A few days after the patients' heart attacks, doctors obtained bone marrow cells from members of the treatment group. The cells were implanted into the damaged muscle, using a catheter threaded into a heart artery. Three months later, the stem cell patients had less heart muscle damage and an increased ejection fraction, a measure of the heart's pumping ability.
Other research teams are also investigating the use of stem cells harvested from bone marrow to reverse the muscle damage caused by a heart attack or to strengthen hearts that have been severely weakened over the years by congestive heart failure. Stem cells are immature cells that still can transform, or differentiate, into different types of cells, such as heart muscle and blood vessels. While the work is still early, it could eventually revolutionize the treatment of heart disease, researchers say.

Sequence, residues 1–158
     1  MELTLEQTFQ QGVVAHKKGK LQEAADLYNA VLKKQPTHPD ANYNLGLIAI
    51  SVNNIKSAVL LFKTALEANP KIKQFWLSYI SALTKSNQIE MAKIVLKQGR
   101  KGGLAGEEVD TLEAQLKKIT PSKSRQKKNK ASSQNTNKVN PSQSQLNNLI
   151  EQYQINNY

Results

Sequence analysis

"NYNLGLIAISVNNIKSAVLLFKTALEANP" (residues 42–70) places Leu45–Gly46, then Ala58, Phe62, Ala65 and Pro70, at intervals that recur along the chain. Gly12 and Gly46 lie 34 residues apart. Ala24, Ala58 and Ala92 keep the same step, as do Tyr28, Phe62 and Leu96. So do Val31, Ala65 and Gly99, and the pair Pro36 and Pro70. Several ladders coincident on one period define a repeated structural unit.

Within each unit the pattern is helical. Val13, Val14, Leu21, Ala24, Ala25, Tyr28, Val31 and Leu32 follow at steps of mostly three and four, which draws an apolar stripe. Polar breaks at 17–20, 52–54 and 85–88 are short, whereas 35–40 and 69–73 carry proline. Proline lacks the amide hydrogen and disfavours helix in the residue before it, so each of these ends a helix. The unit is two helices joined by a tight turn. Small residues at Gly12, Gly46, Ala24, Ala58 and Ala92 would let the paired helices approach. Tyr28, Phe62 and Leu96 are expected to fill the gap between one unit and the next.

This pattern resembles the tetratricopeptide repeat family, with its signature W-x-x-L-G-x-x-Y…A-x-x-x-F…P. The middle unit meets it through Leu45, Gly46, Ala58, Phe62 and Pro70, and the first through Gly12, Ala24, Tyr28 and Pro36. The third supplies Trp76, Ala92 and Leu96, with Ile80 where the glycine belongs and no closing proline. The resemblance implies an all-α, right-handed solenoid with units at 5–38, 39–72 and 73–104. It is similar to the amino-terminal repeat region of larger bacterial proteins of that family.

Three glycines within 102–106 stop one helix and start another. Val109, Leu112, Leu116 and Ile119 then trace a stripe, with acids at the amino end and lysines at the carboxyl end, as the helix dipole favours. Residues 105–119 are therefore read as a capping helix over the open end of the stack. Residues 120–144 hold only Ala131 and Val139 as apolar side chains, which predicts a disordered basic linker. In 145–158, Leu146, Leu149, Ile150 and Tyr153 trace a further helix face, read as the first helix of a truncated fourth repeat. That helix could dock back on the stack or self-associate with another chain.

Citation: American Heart Association Scientific Sessions 2003, Abstract P1929, Presented Nov. 10, 2003.
6. Drug-coated stents effective in "real world" patients. Drug-coated stents – which the American Heart Association in 2001 picked as one of the biggest potential breakthroughs in treating cardiovascular disease – are starting to live up to their promise, with researchers reporting in 2003 that the devices are safe and effective at preventing death, heart attack or repeat procedures in "real world" patients. People in the real world are often sicker or older than those selected for clinical trials.
One-year results from the Rampamycin-Eluting Stent Evaluated At Rotterdam Cardiology Hospital (RESEARCH) registry of 958 patients with previously untreated blocked arteries show that 9.7 percent of patients who received sirolimus-eluting Cypher stents had a major adverse cardiac event, compared with 14.8 percent of those who received bare stents. Only 3.7 percent of the patients treated with drug-eluting stents had a renarrowing of the treated vessel that required repeat procedures, while 10.9 percent of the patients in the bare stent group required repeat interventions.
Citation: Rapid access issue of Circulation: Journal of the American Heart Association. December 23, 2003.